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If the witness lied /

If the witness lied /
Book
Cooney, Caroline B.
Copies: 12; Reserves: 0

Torn apart by tragedies and the publicity they brought, siblings Smithy, Jack, and Madison, aged fourteen to sixteen, tap into their parent's courage to pull together and protect their brother Tris, nearly three, from further media exploitation and a much more sinister threat.
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Call NumberBranchStatusVolume
YA F Cooney Caroline BT In at BT (Boone's Trail)
YA F Cooney Caroline CP In at CP (Corporate Parkway)
YA F Cooney Caroline KL In at KL (Kathryn Linnemann)
YA F Cooney Caroline KR Due Oct 11 2014
YA F Cooney Caroline MK In at MK (Middendorf-Kredell)
YA F Cooney Caroline MK In at MK (Middendorf-Kredell)
YA F Cooney Caroline MK Due Oct 11 2014
YA F Cooney Caroline MY In at MY (McClay)
YA F Cooney Caroline NC In at NC (North County)
YA F Cooney Caroline SC In at SC (South County)
YA F Cooney Caroline SP In at SP (Spencer Road)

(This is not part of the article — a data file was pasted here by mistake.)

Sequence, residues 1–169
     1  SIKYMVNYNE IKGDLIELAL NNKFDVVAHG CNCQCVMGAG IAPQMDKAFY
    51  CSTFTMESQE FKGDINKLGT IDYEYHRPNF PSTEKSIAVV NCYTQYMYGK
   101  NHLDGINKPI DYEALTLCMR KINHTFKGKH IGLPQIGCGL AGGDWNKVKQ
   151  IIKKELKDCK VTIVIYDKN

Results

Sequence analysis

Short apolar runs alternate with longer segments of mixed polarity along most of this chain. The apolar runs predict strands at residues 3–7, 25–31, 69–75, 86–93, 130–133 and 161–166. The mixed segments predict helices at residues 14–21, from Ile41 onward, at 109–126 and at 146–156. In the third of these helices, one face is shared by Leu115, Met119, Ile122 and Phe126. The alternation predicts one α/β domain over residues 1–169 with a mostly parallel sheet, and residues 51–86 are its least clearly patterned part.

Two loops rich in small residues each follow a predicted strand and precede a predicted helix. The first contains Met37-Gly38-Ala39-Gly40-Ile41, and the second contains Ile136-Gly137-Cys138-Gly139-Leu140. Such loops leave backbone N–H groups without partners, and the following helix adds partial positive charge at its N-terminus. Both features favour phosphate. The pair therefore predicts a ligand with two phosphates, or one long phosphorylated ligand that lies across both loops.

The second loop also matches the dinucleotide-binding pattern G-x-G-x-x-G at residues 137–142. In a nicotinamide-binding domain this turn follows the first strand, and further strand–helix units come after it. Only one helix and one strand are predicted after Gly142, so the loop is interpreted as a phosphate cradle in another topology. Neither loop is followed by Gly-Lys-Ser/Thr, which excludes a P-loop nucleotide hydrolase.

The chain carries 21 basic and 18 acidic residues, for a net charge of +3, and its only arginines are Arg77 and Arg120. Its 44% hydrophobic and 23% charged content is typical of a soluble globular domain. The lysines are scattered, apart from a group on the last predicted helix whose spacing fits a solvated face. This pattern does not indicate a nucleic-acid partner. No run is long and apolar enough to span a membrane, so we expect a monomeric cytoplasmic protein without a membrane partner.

YA F Cooney Caroline WH In at WH (Library Express at Winghaven®)


 catalog record


Control No. 609527
LCCN 2008023959
ISBN 9780385904513 (reinforced)
ISBN 0385904517 (reinforced)
ISBN 9780385734486 (trade) : -- $16.99
ISBN 0385734484 (trade) : -- $16.99
Author Cooney Caroline B
Title If the witness lied / -- Caroline B. Cooney.
Edition Statement 1st ed.
Publisher Information New York : -- Delacorte Press, -- c2009.
Physical Description 213 p. ; -- 22 cm.
Summary Torn apart by tragedies and the publicity they brought, siblings Smithy, Jack, and Madison, aged fourteen to sixteen, tap into their parent's courage to pull together and protect their brother Tris, nearly three, from further media exploitation and a much more sinister threat.
Subject Reality television programs Fiction
Subject Orphans Fiction
Subject Celebrities Fiction
Subject Family life Connecticut Fiction
Subject Brothers and sisters Fiction
Subject Grief Fiction
Subject Connecticut Fiction
Subject Young adult fiction
Subject - Local Young adult literature




 annotations (3)


Annotation 1 Torn apart by tragedies and the publicity they brought, siblings Smithy, Jack, and Madison, aged fourteen to sixteen, tap into their parent's courage to pull together and protect their brother Tris, nearly three, from further media exploitation and a much more sinister threat.

Annotation 2 Torn apart by tragedies and the publicity they brought, siblings Smithy, Jack, and Madison, aged fourteen to sixteen, tap into their parents' courage to pull together and protect their brother Tris, nearly three, from further media exploitation and a much more sinister threat.